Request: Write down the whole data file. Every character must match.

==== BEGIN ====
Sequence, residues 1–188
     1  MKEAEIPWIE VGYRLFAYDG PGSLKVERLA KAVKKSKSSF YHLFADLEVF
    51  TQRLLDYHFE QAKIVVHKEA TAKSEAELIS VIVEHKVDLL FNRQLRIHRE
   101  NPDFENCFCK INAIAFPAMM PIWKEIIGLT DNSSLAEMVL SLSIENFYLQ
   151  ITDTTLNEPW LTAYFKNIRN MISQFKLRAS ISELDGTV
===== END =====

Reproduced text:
Sequence, residues 1–188
     1  MKEAEIPWIE VGYRLFAYDG PGSLKVERLA KAVKKSKSSF YHLFADLEVF
    51  TQRLLDYHFE QAKIVVHKEA TAKSEAELIS VIVEHKVDLL FNRQLRIHRE
   101  NPDFENCFCK INAIAFPAMM PIWKEIIGLT DNSSLAEMVL SLSIENFYLQ
   151  ITDTTLNEPW LTAYFKNIRN MISQFKLRAS ISELDGTV